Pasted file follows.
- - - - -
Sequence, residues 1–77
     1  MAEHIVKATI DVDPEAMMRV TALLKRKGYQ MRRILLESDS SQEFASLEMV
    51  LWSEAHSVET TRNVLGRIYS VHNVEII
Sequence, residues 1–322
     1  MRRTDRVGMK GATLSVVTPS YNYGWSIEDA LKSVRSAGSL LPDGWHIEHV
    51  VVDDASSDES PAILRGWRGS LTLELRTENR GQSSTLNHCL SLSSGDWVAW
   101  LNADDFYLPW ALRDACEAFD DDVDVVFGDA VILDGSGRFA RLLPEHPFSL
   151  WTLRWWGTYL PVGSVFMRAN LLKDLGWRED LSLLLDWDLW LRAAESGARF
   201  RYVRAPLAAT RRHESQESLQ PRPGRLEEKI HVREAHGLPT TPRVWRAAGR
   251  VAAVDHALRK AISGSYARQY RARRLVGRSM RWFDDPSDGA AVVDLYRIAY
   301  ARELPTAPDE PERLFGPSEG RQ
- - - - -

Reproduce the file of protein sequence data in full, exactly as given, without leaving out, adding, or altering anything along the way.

Sequence, residues 1–77
     1  MAEHIVKATI DVDPEAMMRV TALLKRKGYQ MRRILLESDS SQEFASLEMV
    51  LWSEAHSVET TRNVLGRIYS VHNVEII
Sequence, residues 1–322
     1  MRRTDRVGMK GATLSVVTPS YNYGWSIEDA LKSVRSAGSL LPDGWHIEHV
    51  VVDDASSDES PAILRGWRGS LTLELRTENR GQSSTLNHCL SLSSGDWVAW
   101  LNADDFYLPW ALRDACEAFD DDVDVVFGDA VILDGSGRFA RLLPEHPFSL
   151  WTLRWWGTYL PVGSVFMRAN LLKDLGWRED LSLLLDWDLW LRAAESGARF
   201  RYVRAPLAAT RRHESQESLQ PRPGRLEEKI HVREAHGLPT TPRVWRAAGR
   251  VAAVDHALRK AISGSYARQY RARRLVGRSM RWFDDPSDGA AVVDLYRIAY
   301  ARELPTAPDE PERLFGPSEG RQ